Fluoride's Importance To The Teeth
Enamel is the outer part of crown of the teeth. Crown is the part of the teeth that is seen in the mouth. Demineralization (loss of minerals) and remineralization (deposition of minerals) of the crown of the teeth inside the enamel naturally occurs in your mouth. This is a daily process.
The acid that is formed in the mouth after eating dissolves the calcium and phosphorous under the tooth's surface. The acid is formed by the bacteria in the plaque from the sugar in your mouth. When the saliva becomes less acidic, calcium and phosphorous are deposited (remineralization) on the teeth to keep your teeth hard. If excessive demineralization occurs without adequate remineralization to repair the enamel of the tooth it causes tooth decay. In presence of fluoride calcium and phosphorous are deposited much better than they would otherwise be. This helps to strengthen your teeth better.
Fluoride prevents cavities by functioning in two different ways
Fluoride strengthens enamel: In children fluoride concentrates in the developing teeth and strengthens the enamel. In adults it acts on the enamel of the teeth that have erupted and hardens the enamel.
Fluoride and demineralization and remineralization of teeth: Demineralization and remineralization of the teeth naturally occur in your mouth. The acid that is formed in the mouth after eating dissolves the calcium and phosphorous under the tooth's surface. When the saliva becomes less acidic, calcium and phosphorous are deposited (remineralization) on the teeth to keep your teeth hard. In presence of fluoride calcium and phosphorous are deposited much better than they would otherwise be. This helps to strengthen your teeth better.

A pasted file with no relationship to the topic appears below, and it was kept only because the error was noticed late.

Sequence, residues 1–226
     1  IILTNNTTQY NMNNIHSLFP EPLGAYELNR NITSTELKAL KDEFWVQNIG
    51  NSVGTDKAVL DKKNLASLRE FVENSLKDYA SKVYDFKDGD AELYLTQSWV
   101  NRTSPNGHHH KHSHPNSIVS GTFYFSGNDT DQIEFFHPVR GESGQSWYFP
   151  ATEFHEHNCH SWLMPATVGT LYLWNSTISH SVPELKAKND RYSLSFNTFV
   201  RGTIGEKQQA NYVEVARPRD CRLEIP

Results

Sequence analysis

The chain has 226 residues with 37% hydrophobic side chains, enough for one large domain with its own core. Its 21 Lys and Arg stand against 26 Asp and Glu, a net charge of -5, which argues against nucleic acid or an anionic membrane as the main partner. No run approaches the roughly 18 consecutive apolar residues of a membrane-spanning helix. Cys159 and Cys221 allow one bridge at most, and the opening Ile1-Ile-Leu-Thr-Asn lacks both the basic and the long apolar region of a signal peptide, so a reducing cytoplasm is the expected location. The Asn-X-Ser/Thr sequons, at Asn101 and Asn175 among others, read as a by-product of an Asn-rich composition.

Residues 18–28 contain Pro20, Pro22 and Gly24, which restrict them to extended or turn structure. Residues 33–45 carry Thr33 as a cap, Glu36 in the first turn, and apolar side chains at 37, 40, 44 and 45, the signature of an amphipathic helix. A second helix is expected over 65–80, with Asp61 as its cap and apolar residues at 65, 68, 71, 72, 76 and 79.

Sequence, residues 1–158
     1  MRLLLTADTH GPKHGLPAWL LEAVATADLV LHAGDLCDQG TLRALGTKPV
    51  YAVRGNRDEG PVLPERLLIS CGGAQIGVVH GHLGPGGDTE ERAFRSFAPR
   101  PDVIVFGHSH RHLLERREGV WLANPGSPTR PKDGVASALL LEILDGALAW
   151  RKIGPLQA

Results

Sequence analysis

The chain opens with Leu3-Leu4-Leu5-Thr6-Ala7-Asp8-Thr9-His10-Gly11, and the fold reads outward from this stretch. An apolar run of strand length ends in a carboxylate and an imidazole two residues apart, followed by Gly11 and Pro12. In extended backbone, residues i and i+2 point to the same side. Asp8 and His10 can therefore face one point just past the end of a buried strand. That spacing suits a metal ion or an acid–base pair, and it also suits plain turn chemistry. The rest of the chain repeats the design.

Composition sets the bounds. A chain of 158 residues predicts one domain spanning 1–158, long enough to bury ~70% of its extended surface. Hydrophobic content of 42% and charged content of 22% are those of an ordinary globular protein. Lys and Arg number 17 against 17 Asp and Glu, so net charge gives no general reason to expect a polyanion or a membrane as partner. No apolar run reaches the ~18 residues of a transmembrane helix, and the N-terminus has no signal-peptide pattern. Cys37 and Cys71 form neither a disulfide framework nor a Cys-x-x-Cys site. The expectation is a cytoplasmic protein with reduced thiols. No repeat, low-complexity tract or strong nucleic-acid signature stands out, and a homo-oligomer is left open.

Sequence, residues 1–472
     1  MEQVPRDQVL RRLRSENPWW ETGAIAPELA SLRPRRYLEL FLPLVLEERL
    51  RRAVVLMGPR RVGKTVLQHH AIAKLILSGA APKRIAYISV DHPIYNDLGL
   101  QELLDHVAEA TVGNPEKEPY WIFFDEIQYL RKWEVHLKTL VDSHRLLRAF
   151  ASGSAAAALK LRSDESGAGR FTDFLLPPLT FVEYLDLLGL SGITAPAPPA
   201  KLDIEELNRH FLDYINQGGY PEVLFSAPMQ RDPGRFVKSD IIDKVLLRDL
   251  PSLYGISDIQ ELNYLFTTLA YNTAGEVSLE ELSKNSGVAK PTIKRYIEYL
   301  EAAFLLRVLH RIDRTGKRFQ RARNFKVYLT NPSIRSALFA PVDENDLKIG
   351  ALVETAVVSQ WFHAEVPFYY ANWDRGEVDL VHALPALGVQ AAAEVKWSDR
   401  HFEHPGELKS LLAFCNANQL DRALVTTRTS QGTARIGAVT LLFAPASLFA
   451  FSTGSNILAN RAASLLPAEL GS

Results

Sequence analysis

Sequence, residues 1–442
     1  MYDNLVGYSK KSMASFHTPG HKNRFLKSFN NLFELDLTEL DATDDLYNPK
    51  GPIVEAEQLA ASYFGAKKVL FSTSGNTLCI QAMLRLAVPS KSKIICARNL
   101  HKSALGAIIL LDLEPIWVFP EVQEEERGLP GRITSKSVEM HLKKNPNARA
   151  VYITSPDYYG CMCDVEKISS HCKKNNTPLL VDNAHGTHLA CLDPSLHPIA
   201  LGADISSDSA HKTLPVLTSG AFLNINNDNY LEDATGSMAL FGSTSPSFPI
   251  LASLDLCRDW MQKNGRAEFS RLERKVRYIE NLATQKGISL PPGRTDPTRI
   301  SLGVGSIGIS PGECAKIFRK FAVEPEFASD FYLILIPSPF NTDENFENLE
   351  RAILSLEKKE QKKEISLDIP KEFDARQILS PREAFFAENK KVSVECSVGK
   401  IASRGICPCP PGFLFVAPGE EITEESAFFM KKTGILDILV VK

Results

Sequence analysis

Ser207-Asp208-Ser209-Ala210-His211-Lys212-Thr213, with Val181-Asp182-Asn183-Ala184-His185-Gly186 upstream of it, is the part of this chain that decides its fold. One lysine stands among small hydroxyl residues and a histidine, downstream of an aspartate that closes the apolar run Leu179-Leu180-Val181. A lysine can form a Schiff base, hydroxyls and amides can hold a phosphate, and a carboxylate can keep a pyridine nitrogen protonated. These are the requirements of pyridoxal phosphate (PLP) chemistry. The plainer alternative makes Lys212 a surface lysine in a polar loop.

In adults and children with healthy teeth that are low risk of decay fluoride in drinking water and brushing regularly with a fluoride containing toothpaste is sufficient to meet the fluoride requirement. The fluoride present in the water and food, from supplements is absorbed from the stomach and enters the blood stream. This reaches the developing teeth in the jaws in young children.
Topical fluoride treatment with fluoridated toothpaste, mouthwashes or professionally applied fluoride treatments, maintains high fluoride levels in the mouth for several hours afterward. Consult your dentist for advice regarding fluoride supplement especially if you have children.
Fluoride Supplements: Who Needs Them
Children 6 months to 16 years-- if they drink water deficient in fluoride.
It is recommended that not only children but adults should also use fluoridated toothpaste. However be cautious about the toothpaste as too much fluoride can cause fluorosis in young children.
Use only a small pea-sized amount of toothpaste on your child’s toothbrush who is less than 6 years.
Teach your child to spit the paste after brushing.
Do not use flavored toothpaste as this may encourage swallowing.
Fluoride treatment is often prescribed for children when their teeth are developing especially if your child has cavities or is at high risk of developing cavities. The extra fluoride such as fluoride mouth rinses can promote remineralization. Consult your dentist or pediatrician for fluoride supplement for your child.
Can Fluoride Cause Harm
Like any other medication fluoride is safe and useful when used at the recommended dose but can be unsafe and harmful at high doses. Parents should not keep fluoride tablets within a child’s reach at home and must monitor the use of all fluoride products such as toothpaste, fluoride tablets. Toxic ...
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